It's fast. And it sounds quite unlike anything else. Cheap keyboards weave in and out of another at pace and something that sounds like xylophones or thumb pianos are swiftly moved across. Nimble, darting tunes for limbs nimbler and more darting then mine. Zinja Hlungwani's "Ntombi Ya Mugaza" has a soulful feel about it, very rapid Deep House - "I'm a gentleman/Can you hear me?" Their other track "N'wagezani My Love" is even more of a lover's Afrorock number with a bit of call and reponse with what sounds like a small woman's choir. He also has four tracks of the twelve, so I'm thinking he's the heavier hitter.
BBC don't seem to bother with any of the romantic pretensions (although my knowledge of South African languages leaves me short here as always). They're much more about dance and the occasional hyper-speed chatter over the top. Tiyiselena Vomaseve's "Naxaniseka" seems after faster again. (I'm really coming up with some profound insight, eh?) "Vanghoma" has a scary voiced man at the end, perhaps connected to the scary clown outfits the people wear on the cover. (See? Profound. I was hoping Google Translate might help out with the titles, but no furry dice.)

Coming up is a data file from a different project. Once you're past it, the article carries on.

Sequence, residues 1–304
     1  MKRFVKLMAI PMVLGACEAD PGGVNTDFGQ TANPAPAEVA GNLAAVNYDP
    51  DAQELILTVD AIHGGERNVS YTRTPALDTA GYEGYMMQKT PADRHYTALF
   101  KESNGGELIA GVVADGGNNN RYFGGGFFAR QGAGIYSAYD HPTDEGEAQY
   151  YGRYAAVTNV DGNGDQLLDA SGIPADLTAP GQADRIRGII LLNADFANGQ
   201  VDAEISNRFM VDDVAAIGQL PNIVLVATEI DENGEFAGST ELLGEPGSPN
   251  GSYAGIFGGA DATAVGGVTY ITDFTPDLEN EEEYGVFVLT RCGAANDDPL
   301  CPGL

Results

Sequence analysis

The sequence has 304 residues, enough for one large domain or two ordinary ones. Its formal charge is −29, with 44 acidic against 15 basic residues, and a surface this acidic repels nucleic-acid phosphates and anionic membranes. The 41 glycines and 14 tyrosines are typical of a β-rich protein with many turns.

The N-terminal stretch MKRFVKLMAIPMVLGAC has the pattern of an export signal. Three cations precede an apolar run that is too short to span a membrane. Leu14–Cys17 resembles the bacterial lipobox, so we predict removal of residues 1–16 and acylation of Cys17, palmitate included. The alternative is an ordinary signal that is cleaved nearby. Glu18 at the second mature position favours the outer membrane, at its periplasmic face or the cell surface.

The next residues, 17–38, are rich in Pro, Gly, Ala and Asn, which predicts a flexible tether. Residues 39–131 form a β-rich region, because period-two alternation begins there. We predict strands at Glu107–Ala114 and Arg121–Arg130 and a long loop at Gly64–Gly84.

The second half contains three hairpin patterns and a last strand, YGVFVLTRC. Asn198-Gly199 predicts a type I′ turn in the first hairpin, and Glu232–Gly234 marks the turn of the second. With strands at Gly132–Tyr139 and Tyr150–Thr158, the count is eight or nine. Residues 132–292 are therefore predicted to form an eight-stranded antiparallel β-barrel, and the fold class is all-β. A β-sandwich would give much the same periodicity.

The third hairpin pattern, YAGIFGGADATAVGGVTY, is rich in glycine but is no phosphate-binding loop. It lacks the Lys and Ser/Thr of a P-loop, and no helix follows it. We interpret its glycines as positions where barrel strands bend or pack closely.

Tshetsha Boys sound closer to what I'd expect of African guitar music. "Uya Kwihi Ka Rose" strays into English impenetrably here and there with "size ten" and "ten centimetre" amongst the sped-up fragments of chants. "Nwampfundla" bears an incredible title that I may talk with my wife about as a middle name for our first born.
So all in all mysterious and no nonsense at the same time. Look forward to seeing people I know (like myself) trying to figure out how to dance to this at some hipster-ish gathering at some point. And to hearing the remix album properly.
Rating: You Can Take The Music out of South Africa